I'm not making this up. And I'm talking to you, Dutch-America.

Those blessed paper liners one finds in well-tended public restrooms today exist only because of a toilet's inherent "ick" factor, or so he claims, because most of us--my family especially--are blessed with substantially secure and bountiful flesh on our bottoms.

Please. This isn't just my lame attempt at potty humor.

Turns out that your cutting board--that's right, that one in your very own kitchen--hosts a 200 times larger collection of fecal matter than that truck stop toilet seat. Schaffner claims the sink sponge you use for dishes is really heavy-laden, 200,000 times worse. Pardon my eeeeeuuuwww.

Here's the really bad news: whatever germs may be on that foreign seat, he says, are likely already aboard your keister. Think of it.  No don't.

Anyway, that's the news from an actual Professor of Preventative Medicine, at Vanderbilt, no less, the Harvard of the South. Look it up.

Well, I for one don't buy it, and pardon my skepticism. On this one, I'm solidly Republican. What the heck does science know anyway? 

It's all a scam.  Listen! They're the ones who told us to stop eating butter. 

Thursday, June 19, 2014

Something to see and behold

You know, for most of the year the Floyd River isn't much more than a little joke. For most of the year, only a bulimic would put a canoe in the water here, if he could find enough to float it. For most of the year, you wonder how fish even make a home in the Floyd. 

The Missouri--now there's a river. The Tennessee is really something to behold. Sometime I ought to hike across the Mississippi instead of taking the car. The Floyd? Seriously, for most of the year, you can cross it most anywhere and not wet a knee.

But this morning the lights from house across the channel are laying long and strange stripes across a whole body of water. This morning the Floyd is no creek--it's a river. 

Last year's Memorial Day flooding was, we were told, "a century flood." 


Does this year's mean we've begun a whole new century?  

Yesterday, we were doing fine until late morning when a wall of water from up north surged down, blew out channel walls, and swept through the neighboring fields, creating Floyd's Lake.  It's strange and it's beautiful out here now; and we're not really affected, if you're wondering. Floyd's Lake is far enough away that we don't have to worry, although the back corner of our acre is a fairly decent water hazard. 

But then, no one's golfing so big deal.

The neighbor's beans are underwater, but they were last year too and he still had a bin buster come fall. He says he never really missed a crop down here in the floodplain, hard as that is to believe. 

Here's the problem, I'm told. Big dumps of rain, like we've had in the last week, happened up river somewhere--as many as ten inches over miles and miles of open cropland, way too much water to be absorbed. Guess what?--it had to go somewhere. From the headwaters in Osceola County, to Sheldon, to Hospers, there are only two little tributaries. From Hospers to Alton and all the way to LeMars, there aren't any. That mass of water hasn't a place to back up, the channel, meager as it is, has to handle all of it.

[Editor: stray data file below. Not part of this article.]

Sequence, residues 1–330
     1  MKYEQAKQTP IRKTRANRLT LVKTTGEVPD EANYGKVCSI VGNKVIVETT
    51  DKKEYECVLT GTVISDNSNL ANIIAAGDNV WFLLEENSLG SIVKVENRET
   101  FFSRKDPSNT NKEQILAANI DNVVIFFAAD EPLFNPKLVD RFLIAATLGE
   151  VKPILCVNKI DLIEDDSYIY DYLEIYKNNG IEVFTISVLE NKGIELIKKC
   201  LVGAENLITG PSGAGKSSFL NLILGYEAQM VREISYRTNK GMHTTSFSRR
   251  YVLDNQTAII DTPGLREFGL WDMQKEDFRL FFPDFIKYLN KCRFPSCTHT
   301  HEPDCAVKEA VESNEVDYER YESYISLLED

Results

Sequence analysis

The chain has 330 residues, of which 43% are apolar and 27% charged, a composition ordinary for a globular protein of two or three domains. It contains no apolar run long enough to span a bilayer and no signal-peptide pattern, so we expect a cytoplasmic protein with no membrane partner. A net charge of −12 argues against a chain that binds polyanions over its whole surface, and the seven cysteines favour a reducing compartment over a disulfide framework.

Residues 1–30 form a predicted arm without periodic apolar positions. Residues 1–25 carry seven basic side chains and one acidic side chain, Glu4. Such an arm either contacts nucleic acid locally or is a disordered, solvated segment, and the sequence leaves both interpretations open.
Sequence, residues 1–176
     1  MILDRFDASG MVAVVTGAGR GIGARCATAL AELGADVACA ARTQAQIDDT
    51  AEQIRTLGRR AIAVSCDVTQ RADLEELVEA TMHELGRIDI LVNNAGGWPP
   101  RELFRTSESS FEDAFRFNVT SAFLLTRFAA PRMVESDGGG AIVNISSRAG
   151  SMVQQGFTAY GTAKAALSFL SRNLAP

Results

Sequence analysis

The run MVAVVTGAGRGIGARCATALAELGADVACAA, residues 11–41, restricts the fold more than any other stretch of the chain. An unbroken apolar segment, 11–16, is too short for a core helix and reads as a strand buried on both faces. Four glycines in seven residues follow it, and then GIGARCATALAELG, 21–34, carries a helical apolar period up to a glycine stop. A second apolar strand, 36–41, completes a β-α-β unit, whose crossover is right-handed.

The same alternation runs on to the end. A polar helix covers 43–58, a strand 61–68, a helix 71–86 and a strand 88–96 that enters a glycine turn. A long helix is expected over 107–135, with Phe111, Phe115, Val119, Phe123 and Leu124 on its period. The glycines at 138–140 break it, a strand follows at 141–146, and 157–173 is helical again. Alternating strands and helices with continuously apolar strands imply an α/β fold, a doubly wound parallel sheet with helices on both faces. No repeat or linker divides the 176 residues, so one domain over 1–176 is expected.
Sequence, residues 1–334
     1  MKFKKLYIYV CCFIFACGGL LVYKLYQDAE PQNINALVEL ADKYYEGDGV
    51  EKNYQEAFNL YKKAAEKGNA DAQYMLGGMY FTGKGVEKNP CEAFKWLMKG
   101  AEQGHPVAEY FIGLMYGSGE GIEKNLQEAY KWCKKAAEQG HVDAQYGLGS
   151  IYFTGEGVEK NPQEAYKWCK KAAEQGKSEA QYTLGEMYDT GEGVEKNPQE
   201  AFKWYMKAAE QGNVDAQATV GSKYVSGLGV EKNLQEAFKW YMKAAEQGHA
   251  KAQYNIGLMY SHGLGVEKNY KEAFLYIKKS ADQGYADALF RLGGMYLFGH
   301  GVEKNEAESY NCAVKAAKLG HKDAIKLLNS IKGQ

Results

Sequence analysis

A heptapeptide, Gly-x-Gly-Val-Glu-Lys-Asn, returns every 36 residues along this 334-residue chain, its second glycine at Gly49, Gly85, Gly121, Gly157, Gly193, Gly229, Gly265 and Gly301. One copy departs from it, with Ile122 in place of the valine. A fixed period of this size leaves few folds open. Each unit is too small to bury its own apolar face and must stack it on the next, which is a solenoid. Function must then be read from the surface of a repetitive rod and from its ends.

Well, it can't. Poof!--we've got a flood. Like right now.

In 1953, all that water swept down into Sioux City and killed 14 people, three of them kids, even though that wall of Sheldon floodwater came by to visit mid-morning. It swallowed Leeds, crowded into downtown, and destroyed the stockyards. People crossing the viaduct had to be rescued. Little Floyd's River--that's what Lewis and Clark named it--was a killer.

That's why, today, the Floyd does no more wilding. It's been straight-jacketed by a flood control system that tamed its temerity. That's nice. Something's lost when we toy with a river, even little Floyd. Something's lost when it can't teach us that we can't control everything.  Something's lost when it ceases to be a source of wonder.

But you can't blame Sioux City for locking up a mass murderer, and that's what Floyd's River was in 1953.

Right now, out behind the house, we've got a lake. There's something stunning about that, something that stops you in your tracks and last night turned the gravel road over the bridge into a busy thoroughfare.  Last night there was no end to cars, a steady stream (pun intended) of rubber-neckers. That's all right. Floyd's Lake is something to see and behold.

Yesterday, I had an meeting in Sioux Falls. We started out early expecting trouble at the Big Sioux. About 45 minutes later, we turned around and came home. Couldn't get over the river. The flooding is incredible. Nobody alive in Rock Valley, Iowa, will ever forget the June flood of 2014 because what they have in Rock Valley right now is Rock Lake. They're suffering.

Fourteen people dead in the Floyd's flood of 1953--that was suffering. 

Twenty-five dead back in 1893--that was suffering.

For the next couple days all we've got is a brand new lake home. 

Still, it's something to see and behold. 

To see and behold.

Wednesday, June 18, 2014

Book Review--Entering the Wild

Give her parents credit--they gave her the option. When Jean Janzen was a sixth grader, she landed a part, a significant part, in the school play. But her Mennonite heritage warned against theater, so little Jean found herself in an unholy quandary. Her heart said she wanted the part; her head told her that the theater was not a place to be found when Christ would come again.